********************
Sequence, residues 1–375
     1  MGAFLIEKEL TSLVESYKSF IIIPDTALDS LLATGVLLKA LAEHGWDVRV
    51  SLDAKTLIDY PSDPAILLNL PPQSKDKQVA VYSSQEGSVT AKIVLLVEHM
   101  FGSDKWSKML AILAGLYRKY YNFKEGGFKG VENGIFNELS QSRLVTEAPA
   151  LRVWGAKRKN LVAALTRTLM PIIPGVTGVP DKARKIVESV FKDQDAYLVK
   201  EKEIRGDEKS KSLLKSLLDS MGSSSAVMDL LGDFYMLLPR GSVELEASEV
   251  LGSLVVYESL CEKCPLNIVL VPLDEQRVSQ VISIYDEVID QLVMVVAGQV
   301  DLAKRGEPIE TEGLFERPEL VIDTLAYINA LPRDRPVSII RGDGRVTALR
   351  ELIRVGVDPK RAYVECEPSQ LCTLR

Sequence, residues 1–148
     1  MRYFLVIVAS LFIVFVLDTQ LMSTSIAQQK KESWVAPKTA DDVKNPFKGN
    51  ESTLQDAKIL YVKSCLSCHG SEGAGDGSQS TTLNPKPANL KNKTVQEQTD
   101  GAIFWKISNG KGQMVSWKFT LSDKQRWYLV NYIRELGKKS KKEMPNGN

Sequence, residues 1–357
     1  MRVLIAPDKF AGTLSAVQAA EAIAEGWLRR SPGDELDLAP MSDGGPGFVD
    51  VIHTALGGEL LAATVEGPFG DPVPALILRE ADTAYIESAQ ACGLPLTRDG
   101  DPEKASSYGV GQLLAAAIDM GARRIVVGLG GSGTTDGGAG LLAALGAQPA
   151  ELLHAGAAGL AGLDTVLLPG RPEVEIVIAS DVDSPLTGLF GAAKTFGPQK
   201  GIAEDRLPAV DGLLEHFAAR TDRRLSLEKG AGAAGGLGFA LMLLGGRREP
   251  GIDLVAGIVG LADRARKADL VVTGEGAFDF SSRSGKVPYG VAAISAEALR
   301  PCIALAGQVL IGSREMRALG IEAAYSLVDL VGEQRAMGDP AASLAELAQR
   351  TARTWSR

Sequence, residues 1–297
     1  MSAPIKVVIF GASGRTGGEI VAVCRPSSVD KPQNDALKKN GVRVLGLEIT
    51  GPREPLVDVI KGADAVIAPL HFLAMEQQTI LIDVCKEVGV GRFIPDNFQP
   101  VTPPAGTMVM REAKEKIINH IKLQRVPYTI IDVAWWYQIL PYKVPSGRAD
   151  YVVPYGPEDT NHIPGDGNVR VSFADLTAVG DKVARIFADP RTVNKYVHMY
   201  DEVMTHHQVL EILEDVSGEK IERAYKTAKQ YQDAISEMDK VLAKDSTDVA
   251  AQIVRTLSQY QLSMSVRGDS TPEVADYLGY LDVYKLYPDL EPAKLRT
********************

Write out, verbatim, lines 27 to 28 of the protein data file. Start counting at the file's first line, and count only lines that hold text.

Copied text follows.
   151  YVVPYGPEDT NHIPGDGNVR VSFADLTAVG DKVARIFADP RTVNKYVHMY
   201  DEVMTHHQVL EILEDVSGEK IERAYKTAKQ YQDAISEMDK VLAKDSTDVA